(Reuters) - A two-month-old bear cub that bit and scratched at least 18 students at a Missouri college poses no rabies threat and won’t be killed, school officials said on Friday.
The college earlier said that the cub, named Boo Boo, would have to be euthanized in order to test it for the disease.
The cub was brought to the campus of Washington University in St. Louis, Missouri, on Sunday along with some other animals from a petting zoo to help students relax before final exams, the university said in a statement.
Health officials previously said they couldn’t rule out the possibility the cub had rabies, the university said.
If it tested positive, students would have been advised to get vaccinated for rabies, a life-threatening viral disease.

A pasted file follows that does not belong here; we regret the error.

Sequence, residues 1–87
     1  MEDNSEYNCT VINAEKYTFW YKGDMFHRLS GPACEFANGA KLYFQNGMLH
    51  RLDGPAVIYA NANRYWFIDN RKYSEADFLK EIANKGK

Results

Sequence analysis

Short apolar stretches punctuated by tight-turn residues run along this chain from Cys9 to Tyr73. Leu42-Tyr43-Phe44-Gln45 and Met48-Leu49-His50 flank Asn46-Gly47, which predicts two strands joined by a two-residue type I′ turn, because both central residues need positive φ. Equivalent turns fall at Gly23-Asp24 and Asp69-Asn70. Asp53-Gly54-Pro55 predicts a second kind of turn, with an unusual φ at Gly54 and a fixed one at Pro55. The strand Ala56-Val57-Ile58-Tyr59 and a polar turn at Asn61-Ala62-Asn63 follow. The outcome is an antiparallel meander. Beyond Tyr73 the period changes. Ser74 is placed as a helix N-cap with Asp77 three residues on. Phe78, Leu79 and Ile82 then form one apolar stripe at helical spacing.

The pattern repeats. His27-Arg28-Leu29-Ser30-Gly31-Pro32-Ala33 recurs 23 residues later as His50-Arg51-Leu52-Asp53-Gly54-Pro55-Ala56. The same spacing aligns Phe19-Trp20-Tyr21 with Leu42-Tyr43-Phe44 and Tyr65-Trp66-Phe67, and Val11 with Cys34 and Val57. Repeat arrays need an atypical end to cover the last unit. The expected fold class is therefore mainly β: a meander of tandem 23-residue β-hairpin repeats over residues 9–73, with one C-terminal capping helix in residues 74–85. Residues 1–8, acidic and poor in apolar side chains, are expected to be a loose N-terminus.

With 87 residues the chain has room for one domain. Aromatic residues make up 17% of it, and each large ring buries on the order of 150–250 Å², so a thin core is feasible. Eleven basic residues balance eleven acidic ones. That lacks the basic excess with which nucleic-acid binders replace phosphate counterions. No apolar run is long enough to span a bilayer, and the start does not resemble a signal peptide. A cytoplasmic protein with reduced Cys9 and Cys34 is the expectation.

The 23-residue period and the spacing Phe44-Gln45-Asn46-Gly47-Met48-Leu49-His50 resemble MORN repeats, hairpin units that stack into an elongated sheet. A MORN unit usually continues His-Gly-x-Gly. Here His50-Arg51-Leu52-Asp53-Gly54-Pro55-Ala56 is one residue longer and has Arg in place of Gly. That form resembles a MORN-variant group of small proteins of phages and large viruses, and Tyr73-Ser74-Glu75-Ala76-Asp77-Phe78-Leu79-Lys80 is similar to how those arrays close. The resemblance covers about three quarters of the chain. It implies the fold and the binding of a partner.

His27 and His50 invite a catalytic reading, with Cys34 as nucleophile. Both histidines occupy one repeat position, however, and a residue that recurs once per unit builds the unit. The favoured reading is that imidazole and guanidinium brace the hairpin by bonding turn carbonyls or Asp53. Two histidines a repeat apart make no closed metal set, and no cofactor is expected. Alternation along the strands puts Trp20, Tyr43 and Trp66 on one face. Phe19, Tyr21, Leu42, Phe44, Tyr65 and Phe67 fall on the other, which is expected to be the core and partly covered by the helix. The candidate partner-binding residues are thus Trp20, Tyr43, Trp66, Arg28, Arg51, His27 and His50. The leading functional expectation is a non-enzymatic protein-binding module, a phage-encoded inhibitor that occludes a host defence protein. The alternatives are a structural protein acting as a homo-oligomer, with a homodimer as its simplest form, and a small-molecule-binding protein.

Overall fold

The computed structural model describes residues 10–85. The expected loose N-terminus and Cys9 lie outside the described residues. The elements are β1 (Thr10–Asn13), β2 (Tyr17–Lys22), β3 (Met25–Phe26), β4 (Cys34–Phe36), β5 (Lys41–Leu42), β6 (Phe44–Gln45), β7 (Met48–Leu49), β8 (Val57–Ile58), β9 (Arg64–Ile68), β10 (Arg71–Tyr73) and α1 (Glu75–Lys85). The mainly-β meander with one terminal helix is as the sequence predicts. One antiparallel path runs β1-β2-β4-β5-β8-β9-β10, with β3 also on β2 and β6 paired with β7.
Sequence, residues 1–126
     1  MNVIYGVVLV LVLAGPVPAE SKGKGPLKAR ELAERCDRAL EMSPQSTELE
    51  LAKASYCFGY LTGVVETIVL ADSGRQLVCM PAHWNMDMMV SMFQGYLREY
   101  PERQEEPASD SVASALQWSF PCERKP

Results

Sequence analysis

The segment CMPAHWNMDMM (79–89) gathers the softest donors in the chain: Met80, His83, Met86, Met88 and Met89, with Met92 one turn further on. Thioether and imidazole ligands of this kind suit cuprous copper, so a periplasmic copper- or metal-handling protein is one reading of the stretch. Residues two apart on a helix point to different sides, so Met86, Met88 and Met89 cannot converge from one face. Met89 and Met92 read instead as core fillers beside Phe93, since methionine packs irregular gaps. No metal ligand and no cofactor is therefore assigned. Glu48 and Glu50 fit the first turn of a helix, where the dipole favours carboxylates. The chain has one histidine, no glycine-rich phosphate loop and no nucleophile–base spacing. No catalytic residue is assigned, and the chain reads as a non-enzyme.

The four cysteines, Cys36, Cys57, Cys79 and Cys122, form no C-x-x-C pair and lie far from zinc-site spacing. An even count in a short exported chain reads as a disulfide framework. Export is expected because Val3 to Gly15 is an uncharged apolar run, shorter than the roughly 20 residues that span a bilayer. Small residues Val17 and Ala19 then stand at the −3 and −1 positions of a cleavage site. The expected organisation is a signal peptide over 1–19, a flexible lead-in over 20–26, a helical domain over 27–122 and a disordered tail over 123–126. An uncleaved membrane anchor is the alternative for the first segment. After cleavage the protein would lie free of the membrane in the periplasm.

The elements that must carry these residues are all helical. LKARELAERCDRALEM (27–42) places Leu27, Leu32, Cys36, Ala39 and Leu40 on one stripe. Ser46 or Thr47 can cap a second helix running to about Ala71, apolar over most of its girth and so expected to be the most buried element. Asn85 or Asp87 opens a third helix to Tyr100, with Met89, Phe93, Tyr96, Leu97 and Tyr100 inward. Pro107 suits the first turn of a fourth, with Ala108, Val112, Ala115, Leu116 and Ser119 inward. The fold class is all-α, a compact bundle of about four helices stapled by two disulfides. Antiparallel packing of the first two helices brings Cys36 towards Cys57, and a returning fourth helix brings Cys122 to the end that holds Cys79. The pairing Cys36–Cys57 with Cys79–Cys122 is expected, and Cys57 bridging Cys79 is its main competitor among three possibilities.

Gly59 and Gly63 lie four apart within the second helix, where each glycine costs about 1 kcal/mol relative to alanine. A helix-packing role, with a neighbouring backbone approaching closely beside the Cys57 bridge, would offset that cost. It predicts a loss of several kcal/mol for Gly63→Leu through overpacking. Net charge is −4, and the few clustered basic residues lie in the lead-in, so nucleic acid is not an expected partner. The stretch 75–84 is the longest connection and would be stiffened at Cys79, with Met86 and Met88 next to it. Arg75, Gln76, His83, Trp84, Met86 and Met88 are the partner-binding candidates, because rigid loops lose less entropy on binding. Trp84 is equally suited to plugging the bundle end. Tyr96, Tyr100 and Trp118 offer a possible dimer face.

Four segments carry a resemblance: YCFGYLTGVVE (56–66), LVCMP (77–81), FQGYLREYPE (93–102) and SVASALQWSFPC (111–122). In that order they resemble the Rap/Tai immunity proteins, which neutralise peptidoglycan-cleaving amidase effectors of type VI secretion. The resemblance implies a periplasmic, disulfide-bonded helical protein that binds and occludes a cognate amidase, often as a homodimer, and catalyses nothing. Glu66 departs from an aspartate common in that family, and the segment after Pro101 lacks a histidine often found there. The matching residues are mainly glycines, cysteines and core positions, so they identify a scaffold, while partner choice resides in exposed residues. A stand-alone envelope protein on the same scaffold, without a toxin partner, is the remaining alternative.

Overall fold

Late on Friday afternoon, the university issued a news release stating that local, state and federal health officials determined that Boo Boo posed no rabies threat and that students will need no treatments.
“We are thrilled that this very unfortunate situation has come to the best possible conclusion for everyone involved - our
students, our community and the bear cub,” said the release issued by university spokeswoman Susan Killenberg McGinn.
Animals from the local petting zoo have been brought to the private university in St. Louis for several years during exam time, but Boo Boo was included this year without the school’s knowledge, administrators said earlier.
Reporting by Kevin Murphy in Kansas City, Mo.; Editing by Sharon Bernstein and Andrew Hay